Walking the paths and paved streets in Finland. Or elsewhere. And loving it.
Friday, 11 November 2011
Petäjävesi: Karhunahas gorge
Petäjävesi is about 30 kilometres west from Jyväskylä in Central Finland. When you travel some 20 kilometres north from Petäjävesi, to the woods almost on the border of its neighbour community Multia, you can enjoy a lovely, short walk to Karhunahas gorge.
Karhu is 'bear' in Finnish, and ahdas, or ahas in local dialect, means 'narrow' - in this case a tight spot. The area was a favourite among the local hunters in the old days. The gorge was named after a bear hunt which ended there successfully for the hunters but not so well for the king of the forest.
A well-kept but narrow trail guides me through the forest, with the usual duckboards in the places where the ground is more wet. I soon reach the Karhunahas gorge and stare down at the dark water; careful, not too close to the edge of the cliff. You never know what mysterious creatures might be lurking down there...
Another trail, marked with red paint, leads me round the gorge - about 700 metres on Karhunpolku, A Bear's Trail. Although bears still occasionally walk the woods also in this region, the risk of meeting one by chance these days in a Finnish forest is minimal. Usually they try to stay clear of people and go quietly away if they notice humans close by.
The air around here is so pure...You can tell that also by the Usnea (lichen) hanging from the trees. The bigger it grows, the cleaner the air.
The path turns back to take me to the other side of the gorge. A tiny house? Does somebody live here? Not anymore. Many many decades ago, this simple hut gave shelter to the man attending the mill which was located on the mill stream only few steps away.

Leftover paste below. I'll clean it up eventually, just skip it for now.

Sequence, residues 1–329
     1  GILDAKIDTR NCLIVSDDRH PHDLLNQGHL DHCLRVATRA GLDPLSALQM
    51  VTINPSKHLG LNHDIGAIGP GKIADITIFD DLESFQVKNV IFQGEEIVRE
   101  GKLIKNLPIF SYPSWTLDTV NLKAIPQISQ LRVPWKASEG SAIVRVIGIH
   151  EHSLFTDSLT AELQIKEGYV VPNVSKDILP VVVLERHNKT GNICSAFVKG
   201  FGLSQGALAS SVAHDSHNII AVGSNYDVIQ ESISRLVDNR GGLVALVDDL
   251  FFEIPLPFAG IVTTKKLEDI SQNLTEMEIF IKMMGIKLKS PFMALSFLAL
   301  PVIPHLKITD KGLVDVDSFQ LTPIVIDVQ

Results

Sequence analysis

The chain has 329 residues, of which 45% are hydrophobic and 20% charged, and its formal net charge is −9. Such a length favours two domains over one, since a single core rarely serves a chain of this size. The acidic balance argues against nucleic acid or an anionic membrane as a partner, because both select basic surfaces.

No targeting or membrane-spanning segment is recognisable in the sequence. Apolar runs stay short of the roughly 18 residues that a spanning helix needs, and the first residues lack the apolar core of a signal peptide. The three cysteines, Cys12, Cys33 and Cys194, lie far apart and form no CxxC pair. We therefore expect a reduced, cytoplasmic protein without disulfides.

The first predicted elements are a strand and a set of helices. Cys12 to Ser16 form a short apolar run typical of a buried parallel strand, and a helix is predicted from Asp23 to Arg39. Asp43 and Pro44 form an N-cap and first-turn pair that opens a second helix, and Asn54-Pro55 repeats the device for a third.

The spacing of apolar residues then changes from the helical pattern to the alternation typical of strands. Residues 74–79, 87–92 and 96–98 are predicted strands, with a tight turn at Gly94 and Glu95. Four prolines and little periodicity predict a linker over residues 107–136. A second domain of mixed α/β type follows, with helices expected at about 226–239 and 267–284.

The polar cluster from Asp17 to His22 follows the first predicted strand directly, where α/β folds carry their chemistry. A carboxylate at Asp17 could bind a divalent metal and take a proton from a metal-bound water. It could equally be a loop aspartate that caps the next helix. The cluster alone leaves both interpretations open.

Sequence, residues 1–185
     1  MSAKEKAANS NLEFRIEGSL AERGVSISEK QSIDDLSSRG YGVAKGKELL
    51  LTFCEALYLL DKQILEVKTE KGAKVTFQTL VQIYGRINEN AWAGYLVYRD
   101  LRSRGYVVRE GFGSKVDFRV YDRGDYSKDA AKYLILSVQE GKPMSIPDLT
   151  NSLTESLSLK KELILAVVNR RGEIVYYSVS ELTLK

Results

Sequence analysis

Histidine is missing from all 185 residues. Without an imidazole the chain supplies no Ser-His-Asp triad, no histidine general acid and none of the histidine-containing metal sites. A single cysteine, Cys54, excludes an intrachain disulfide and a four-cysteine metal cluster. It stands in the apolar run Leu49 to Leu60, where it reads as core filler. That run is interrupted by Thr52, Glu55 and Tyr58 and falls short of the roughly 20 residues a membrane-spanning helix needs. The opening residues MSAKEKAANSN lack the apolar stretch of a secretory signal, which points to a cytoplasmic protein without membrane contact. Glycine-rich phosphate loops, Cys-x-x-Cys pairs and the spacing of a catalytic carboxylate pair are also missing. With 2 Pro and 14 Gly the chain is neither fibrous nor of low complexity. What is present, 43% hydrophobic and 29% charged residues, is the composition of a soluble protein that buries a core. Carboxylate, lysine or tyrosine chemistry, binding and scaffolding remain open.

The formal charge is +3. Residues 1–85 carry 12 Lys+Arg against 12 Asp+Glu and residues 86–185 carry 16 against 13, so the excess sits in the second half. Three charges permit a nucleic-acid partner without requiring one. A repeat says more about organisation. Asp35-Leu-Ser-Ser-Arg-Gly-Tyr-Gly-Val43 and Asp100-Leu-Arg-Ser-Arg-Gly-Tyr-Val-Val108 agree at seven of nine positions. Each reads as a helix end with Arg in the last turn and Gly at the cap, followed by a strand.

The weather-torn shingles on the roof have barely made it until now, and the abandoned house can no longer guarantee for anyone to stay dry inside. And I definitely wouldn't light a fire in the fireplace, the chimney cannot be safe anymore.
I stop to admire the beautiful mill stream which now runs wild, with water falling down in splashes. The trail climbs upwards to the top of the cliffs and crosses it a bit further upstream.
After a little while, a surprise waits for me behind the corner, oh well, behind the trees! I step off the winding path to gaze in wonder at the white/brownish foam gathering on this stretch of the stream. Where on earth does this come from and what is it? Surprisingly, the foam seems linger here, as if there was a natural filter, and when the water reaches the Karhunahas gorge, it seems perfectly clear again. Good.
Looking at the quietly impressive Karhunahas gorge, I forget the foam... The beginning of this trail is on the other side which means that I will soon sit down for a quiet snack. Actually, not so quiet; finally, other walkers arrive - a large family group, with children and adults enjoying a day trip in the nature.
Some of the adults stay behind to make a fire for the coffee, while the rest continue to follow the same trail as I did. The firewood is kindly provided by the local Töysänperä village community free of charge (if you carry it from the parking area) but some idiot has stolen the axe used for chopping wood from the laavu, the shelter, which is guarded by a wooden bear sculpture. Apparently the thief wasn't afraid of the bear's revenge - but maybe it will come...